With so much sameness in my daily environment, my kids trying remote learning and blurred lines between work and home, I found I needed new hobbies to explore in order to decompress and give my mind a break, so I bought a bike, took up piano with my 12-year-old and painted my house. It was fun to talk about that kind of thing with my colleagues, many of whom were also mixing it up in their personal lives. From logistics like uprooted childcare and inadequate home WiFi to complicated emotional stressors, illness and loss, there was a tacit understanding that each of us was dealing with our own myriad personal reactions to the pandemic, which I did my best to verbally reinforce now and then. But there was also the practical application of that—allowing for as much general flexibility as needed and a got-your-back spirit of coverage when someone needed to take time off. It helped to work for a company that is so laser-focused on the wellbeing of employees, and to know I was empowered to manage with a humanity-first bent as long as was needed.

The circumstances were extraordinary, but now that things are beginning to normalize I can see there were some lessons I’d be foolish not to apply ongoing. Not only did everyone from more flexibility, blind trust and human connection at work, but our work-product did too. Our marketing became more focused, more strategic, and generally more empathetic—because, as the pandemic forced us all to do —when you stop thinking about yourself 100% of the time as a human, you’re a better human. And when you stop doing the same as a business, you’re a better business.

One lesson you learned by working with technology and people during the pandemic?

Technology and people are a great pairing, but they work best together when each is played to their strengths. Technologies, like Skai, allowed businesses to adjust strategies to changing resources or market conditions, at scale, at a time when, for many brands and professionals, the need to do so successfully was nothing short of existential. But people alone respond best to the needs of people, and that connection to each other proved just as critical to businesses’ ability to retain top talent even while reducing salaries and cutting perks, as became the norm. Even putting aside the pandemic, the socio-political volatility we experienced in the same period globally, but especially in America, took a toll on many—and no software platform or AI could have softened the blows. That job fell to humans. So my biggest takeaway is letting machines do and automate whatever they can frees us up for emotional generosity and connection, and both are true business realities to be addresses.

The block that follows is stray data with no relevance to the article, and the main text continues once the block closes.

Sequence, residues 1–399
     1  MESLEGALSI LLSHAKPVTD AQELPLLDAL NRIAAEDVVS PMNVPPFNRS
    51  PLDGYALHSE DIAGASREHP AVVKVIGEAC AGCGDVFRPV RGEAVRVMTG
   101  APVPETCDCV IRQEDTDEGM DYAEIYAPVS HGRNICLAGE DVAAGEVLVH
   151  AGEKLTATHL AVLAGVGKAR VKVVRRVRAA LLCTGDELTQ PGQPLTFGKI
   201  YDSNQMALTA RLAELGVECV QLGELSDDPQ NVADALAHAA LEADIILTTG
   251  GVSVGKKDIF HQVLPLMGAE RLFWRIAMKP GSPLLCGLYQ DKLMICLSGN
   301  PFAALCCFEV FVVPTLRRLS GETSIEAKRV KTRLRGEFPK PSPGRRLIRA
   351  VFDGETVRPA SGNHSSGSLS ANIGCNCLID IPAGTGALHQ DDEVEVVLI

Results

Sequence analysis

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How would you define ‘responsible AI’ in the pandemic era through the lens of a general customer?

The way we view AI as customers ought to follow the same kinds of principles that are prevalent and influential in the rest of our consumer lives. The pandemic heightened our interest, as consumers, of spending our money more consciously. We became wary of companies that stood to gain commercially from the pain and economic loss so many were suffering in those circumstances, and we also began to examine brand values and corporate interests as a factor in our buying decisions. I think we need to hold AI to the same standard, even as we enjoy the benefits and convenience it can bring to our day-to-day.

Before adopting AI, we ask ourselves, is it there to help or exploit? Data safety and privacy protection is another layer customers suddenly gained power over during the pandemic era, with the ability to opt out, more deliberately, from being tracked, examined and marketed to. AI needs to respect those kinds of boundaries and be responsible for their outcomes—which really means that the companies producing AI-driven products need to accept responsibility. Finally, how inclusive are we engineering intelligent technologies to be, as they begin to learn and make decisions on their own? That one is tougher to unpack because it boils down to a more diverse and inclusive mix of engineers in STEM. Women and ethnic minorities are still vastly underrepresented in those fields, which means most AI isn’t going to be taught to “think” like them, although they are a big chunk of the end user base. Ultimately, responsible AI comes from companies that take measures to recognize and correct this imbalance.

Thank you, Margo! That was fun and we hope to see you back on soon.

Margo Kahnrose is the CMO of Skai and has more than 15 years of experience in marketing, branding, communications and creative across various enterprise SaaS and consumer industries. Margo previously led the development and management of Skai’s brand marketing for more than four years before doing the same for mobility app SpotHero. She rejoined Skai in 2018, where she leads demand generation, branding and communications for the company globally. Margo holds a BBA in Design Marketing and Management from Parsons School of Design.

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Skai is a go-to-market engine that powers brand decisions and execution with actionable intelligence for accuracy, speed and agility in making customer connections. Skai’s platform includes a suite of data-driven products for market intelligence, omnichannel media activation, testing and measurement, enabling product developers, consumer and market insights teams, brand managers and marketers to make predictions, plan strategies and benefit from connected omnichannel launches. Skai merges the former Kenshoo and Signals Analytics capabilities and for more than a decade, has been trusted by an impressive roster of global brands including Procter & Gamble, Nestle, Johnson & Johnson, Mars and others. With its expanded product suite, Skai is unifying data and helping companies better understand their consumers in real-time. It has seven international locations and is backed by Sequoia Capital, Arts Alliance, Tenaya Capital, and Bain Capital Ventures.